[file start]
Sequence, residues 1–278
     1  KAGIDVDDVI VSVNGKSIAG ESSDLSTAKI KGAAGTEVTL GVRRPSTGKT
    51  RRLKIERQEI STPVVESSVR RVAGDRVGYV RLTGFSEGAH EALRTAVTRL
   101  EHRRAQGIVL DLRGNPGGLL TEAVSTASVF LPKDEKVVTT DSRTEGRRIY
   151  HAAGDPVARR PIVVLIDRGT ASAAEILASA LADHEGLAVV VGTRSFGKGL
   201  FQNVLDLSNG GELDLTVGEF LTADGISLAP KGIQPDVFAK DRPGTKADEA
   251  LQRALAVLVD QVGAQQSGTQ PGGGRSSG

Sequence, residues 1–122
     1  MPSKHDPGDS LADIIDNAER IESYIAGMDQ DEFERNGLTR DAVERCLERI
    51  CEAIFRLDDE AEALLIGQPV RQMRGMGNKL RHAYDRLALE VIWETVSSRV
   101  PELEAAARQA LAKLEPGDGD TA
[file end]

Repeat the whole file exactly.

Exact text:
Sequence, residues 1–278
     1  KAGIDVDDVI VSVNGKSIAG ESSDLSTAKI KGAAGTEVTL GVRRPSTGKT
    51  RRLKIERQEI STPVVESSVR RVAGDRVGYV RLTGFSEGAH EALRTAVTRL
   101  EHRRAQGIVL DLRGNPGGLL TEAVSTASVF LPKDEKVVTT DSRTEGRRIY
   151  HAAGDPVARR PIVVLIDRGT ASAAEILASA LADHEGLAVV VGTRSFGKGL
   201  FQNVLDLSNG GELDLTVGEF LTADGISLAP KGIQPDVFAK DRPGTKADEA
   251  LQRALAVLVD QVGAQQSGTQ PGGGRSSG

Sequence, residues 1–122
     1  MPSKHDPGDS LADIIDNAER IESYIAGMDQ DEFERNGLTR DAVERCLERI
    51  CEAIFRLDDE AEALLIGQPV RQMRGMGNKL RHAYDRLALE VIWETVSSRV
   101  PELEAAARQA LAKLEPGDGD TA